by Dr. Charles Geddes
As the snow begins to melt, growers everywhere wait eagerly
to get back to the land. This is often a time to plan out the coming growing
season, and secure seed, fertilizer, and chemicals, among a wide range of other
organizational tasks. Growers invest a large amount of money in crop inputs,
but the investment is often unsecure and subject to environmental conditions
and pest pressures.
Choosing to rely solely on herbicides for weed management
can result in increased selection pressure for herbicide-resistance, and
potentially reduced crop tolerance to competition from weeds surviving or
emerging after the herbicide application. However, investment in non-chemical
weed management tools can be a difficult decision to make, economically
speaking. Non-chemical weed management options often result in increased immediate
investment of money or time, and potentially reduced profit margins in the
short term in exchange for longer-term sustainability. However, an investment
in cultural weed management can reap dividends in the long-term due to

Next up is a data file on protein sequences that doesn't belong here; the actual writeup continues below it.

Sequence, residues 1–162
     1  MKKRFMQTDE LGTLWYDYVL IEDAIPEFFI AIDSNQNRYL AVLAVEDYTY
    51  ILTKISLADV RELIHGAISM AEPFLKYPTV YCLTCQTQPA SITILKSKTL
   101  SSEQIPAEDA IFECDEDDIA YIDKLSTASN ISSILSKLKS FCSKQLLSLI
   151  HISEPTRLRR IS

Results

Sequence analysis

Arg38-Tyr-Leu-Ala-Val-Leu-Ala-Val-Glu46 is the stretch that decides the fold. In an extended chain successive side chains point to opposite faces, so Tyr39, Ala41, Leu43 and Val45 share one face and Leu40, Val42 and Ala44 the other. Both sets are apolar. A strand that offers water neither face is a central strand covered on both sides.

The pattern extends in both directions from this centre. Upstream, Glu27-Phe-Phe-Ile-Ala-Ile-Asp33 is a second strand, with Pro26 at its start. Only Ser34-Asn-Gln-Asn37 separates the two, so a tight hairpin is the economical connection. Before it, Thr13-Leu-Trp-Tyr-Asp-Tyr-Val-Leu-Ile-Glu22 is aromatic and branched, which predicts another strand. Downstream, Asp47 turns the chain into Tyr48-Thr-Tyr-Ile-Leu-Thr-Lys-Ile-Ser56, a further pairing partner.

mitigation of herbicide-resistance (which is rarely assigned a monetary value
in economic analyses).
Cultural weed management includes a wide range of tools used to prevent weed problems. Some examples include increased seeding rates, reduced row spacing, crop rotation, cover cropping, among many others. The decision to include cultural tools in your weed management toolbox starts before the crop is planted, and almost always before weeds are a visual or aesthetic problem in the field. It is important to consider cultural weed management options in your plans for the upcoming growing season to help reap the benefits of reduced selection pressure for herbicide-resistance.
Created March 27, 2019 | Category: Farming Tips